Born in 385 in Roman Britannia in the town now known as Dumbarton, Scotland, Patrick is rightfully considered one of the greatest evangelists in Christian history. Considered a Catholic holiday by many, Protestants need
Patrick begins his autobiography by writing these lines:
My name is Patrick. I am a sinner, a simple country person, and the least of all believers. I am looked down upon by many. My father was Calpornius. He was a deacon; his father was Potitus, a priest, who lived at Bannavem Taburniae. His home was near there, and that is where I was taken prisoner. I was about sixteen at the time.
Patrick’s father was a bishop (pastor) in the ancient ‘British’ Church (he was a Roman who came to Britain to govern the colony, and made his way to Scotland), long before the Roman Catholic church reconquered the West for paganism. He was taken captive by Irish pirates, who took him to Ireland and left him more than 200 miles inland, selling him as a slave. Patrick took upon himself to farm labor, tending sheep. Six years later, Patrick made a break for freedom and traveled back to the coast, where he caught a ride home.
During Patrick’s captivity, his faith grew, as it had to in order to give him the courage and will to survive. As he arrived home, his attention turned from mere survival to compassion for his former captors. He became a clergyman like his father before him, but longed to return to Ireland with the Gospel. Unlike his native home, Ireland was almost thoroughly pagan, with no Christian influence or had not undergone evangelism whatsoever.
Although certain of the details have been distorted by history and stretched by Romanists who later claimed him as one of their saints, we know that Patrick returned to Ireland with a Bible and with a dagger, in case he ran into trouble. It appears he first went back to his slave-master, and God converted him. Then, Patrick set his eyes upon the wicked king of Ireland, Loegaire.
Marching dramatically near the King’s castle with an army of newly converted Irishmen, Patrick refused to relent despite threats of death. Surrounded with the Gospel and the fearless Scotsman, Loegaire appears to have been legitimately converted by the Holy Spirit. By the time Patrick died in 461, Ireland had become thoroughly Christianized and Druidism was entirely absent.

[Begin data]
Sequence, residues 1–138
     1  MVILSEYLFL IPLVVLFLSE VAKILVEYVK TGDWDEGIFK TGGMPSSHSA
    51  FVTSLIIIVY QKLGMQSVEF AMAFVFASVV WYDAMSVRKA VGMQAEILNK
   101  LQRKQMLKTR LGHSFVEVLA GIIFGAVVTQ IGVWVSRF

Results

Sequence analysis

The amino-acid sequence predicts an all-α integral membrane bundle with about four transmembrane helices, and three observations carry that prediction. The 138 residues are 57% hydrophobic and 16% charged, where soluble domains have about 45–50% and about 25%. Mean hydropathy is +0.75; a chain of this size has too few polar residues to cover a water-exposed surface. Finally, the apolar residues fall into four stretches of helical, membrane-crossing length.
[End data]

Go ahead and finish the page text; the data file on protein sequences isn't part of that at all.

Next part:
Myths about Patrick range from fanciful to plausible. Patrick didn’t scare away the snakes of Ireland (they are not native to the Island nation, but
Ireland is now mixed between Roman Catholicism and Protestantism and is a battle that is as much political as it is spiritual. On festive occasions, the Romanists decorate with green. But the Protestants decorate with orange. Protestants in Ireland (and around the world) revere William of Orange, the Protestant King who brought religious toleration to Great Britain. It’s for this reason that Protestants in Ireland have typically been loyalists to Great Britain and the Catholics have been dissenters from their union.
Most of the Irish immigrants to the Americas were disgruntled and disenchanted with the British empire adopting Protestantism, and so they brought with them their Irish tradition and the color green. So then, a green “St. Paddy’s Day” is all most Americans know.
For Protestants, however, we wear the color orange. So grab that orange-colored garment and throw it on this St. Paddy’s Day. When people try to pinch you for not wearing green, explain you’re a Protestant…and you preach the Gospel back at them.
While it is true that Patrick wasn’t a Protestant to the extent that his tradition came from the Protestant Reformation (he lived more than a thousand years before), he was no Roman Catholic. He was what Ian Paisley (a famous and sound Irish preacher) would call a proto-Protestant. Listen to that sermon here.